All too often, physicians refrain from recommending cannabis use by patients because they learned nothing about cannabis and the endocannabinoid system in medical school and cannot knowledgeably advise patients about dosage, safety, side effects, mechanism of action, etc.
A patient’s sensitivity to THC is a key factor in determining appropriate dosages and ratios for a CBD-rich treatment regimen.
CBD (Cannabidiol) and THC (tetrahydrocannabinol) share a special interdependent relationship and work together to increase the power of their respective therapeutic attributes.
CBD is a non-psychoactive compound. THC is psychoactive — and therefore may produce euphoric (or dysphoric) effects.
CBD can lessen or neutralize the psychoactivity of THC. So an increased ratio of CBD-to-THC means less emphasis on euphoric effects and more on treatment. Again, this is largely determined by ratios.
FIND YOUR RATIO!
Different ratios of CBD and THC are more suitable for different conditions and different individuals.
A high CBD cannabis strain or product (with little THC) is not necessarily a superior treatment option compared to a strain or product with a more balanced CBD-THC ratio. For each person, finding the proper combination of both is key.
A patient with little or no cannabis experience might start by using a high CBD remedy with little THC. Depending on the results, he or she might gradually increase the amount of THC until a ratio suitable for their condition and temperament is achieved.
A balanced CBD-THC ratio might be more appropriate for experienced cannabis users who are comfortable with the high generated by THC.
Finding your ratio is the first step to proper treatment!
It is important to ascertain the optimal CBD:THC ratio and dosage regimen to fully benefit from the therapeutic properties of cannabis.
“Dosage is everything” — Paracelsus
SOME SIMPLE DOSAGE GUIDELINES:
Begin with a low dose and a consistent CBD:THC ratio — better to take a few small doses in a day than one big dose.
To assess how cannabis impacts your medical condition, it’s best to use the same dose for several days, and observe any effects that may occur. Depending on the results, it may be advantageous to adjust the ratio and increase the dosage.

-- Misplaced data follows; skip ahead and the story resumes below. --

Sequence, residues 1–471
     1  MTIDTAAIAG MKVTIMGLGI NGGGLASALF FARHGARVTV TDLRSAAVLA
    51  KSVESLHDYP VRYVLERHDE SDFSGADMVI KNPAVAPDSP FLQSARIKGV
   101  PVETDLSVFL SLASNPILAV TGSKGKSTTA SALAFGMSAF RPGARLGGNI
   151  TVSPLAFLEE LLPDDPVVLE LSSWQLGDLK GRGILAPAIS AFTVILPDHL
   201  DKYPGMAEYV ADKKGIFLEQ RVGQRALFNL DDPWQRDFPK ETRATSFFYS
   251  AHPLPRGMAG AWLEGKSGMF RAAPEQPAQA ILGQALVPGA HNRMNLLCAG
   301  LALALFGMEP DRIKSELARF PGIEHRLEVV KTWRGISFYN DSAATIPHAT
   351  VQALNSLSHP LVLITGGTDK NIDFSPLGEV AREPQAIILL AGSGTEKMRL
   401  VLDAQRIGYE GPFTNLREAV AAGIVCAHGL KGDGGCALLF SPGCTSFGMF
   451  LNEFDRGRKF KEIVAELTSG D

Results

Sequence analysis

Cannabis therapeutics is personalized medicine.
Determining an appropriate dosage greatly depends upon the person and the condition being treated.
Our sources among cannabis clinicians indicate that for anxiety, depression, spasms, and pediatric seizure disorders, it may be efficacious to use moderate doses of a CBD-dominant remedy with little THC (look for a CBD:THC ratio greater than 14:1).
With pain issues, many patients report that they need more THC, and therefore a remedy with a 1:1 CBD:THC ratio may work best.
It is important to keep in mind that cannabinoid compounds have biphasic properties, which means that low and high doses of the same substance can produce opposite effects.
Small doses of cannabis tend to stimulate; higher doses can have a sedative effect.
Too much THC, while not lethal, can amplify anxiety and mood disorders. CBD has no known adverse side effects at any dose. But an excessive amount of CBD could be less effective therapeutically than a moderate dose.
“Less is more” is often the case with respect to cannabinoid therapeutics.
Although banned by federal law, dosed cannabis medicine is currently available in the form of concentrated oil extracts. Infused in sublingual sprays, capsules, edibles, and other products, these potent oil extracts have varying ratios of CBD and THC that are calibrated to suit the needs and sensitivities of a wide range of patients.
NOTE: Most animal studies with cannabidiol utilize synthetic, single-molecule CBD produced by biochemical laboratories for research purposes – whereas whole plant CBD-rich extractions typically include THC and more than 400 trace compounds, which interact synergistically to confer a holistic “entourage effect” so that the therapeutic impact of the whole plant is greater than the sum of its parts. It is important to consider the entourage effect (or lack thereof) when extrapolating data based on animal studies: 100 milligrams of synthetic CBD is not equivalent to 100 milligrams of a CBD-rich whole plant cannabis extract. One should not assume that data from animal studies is necessarily applicable for cannabis patients.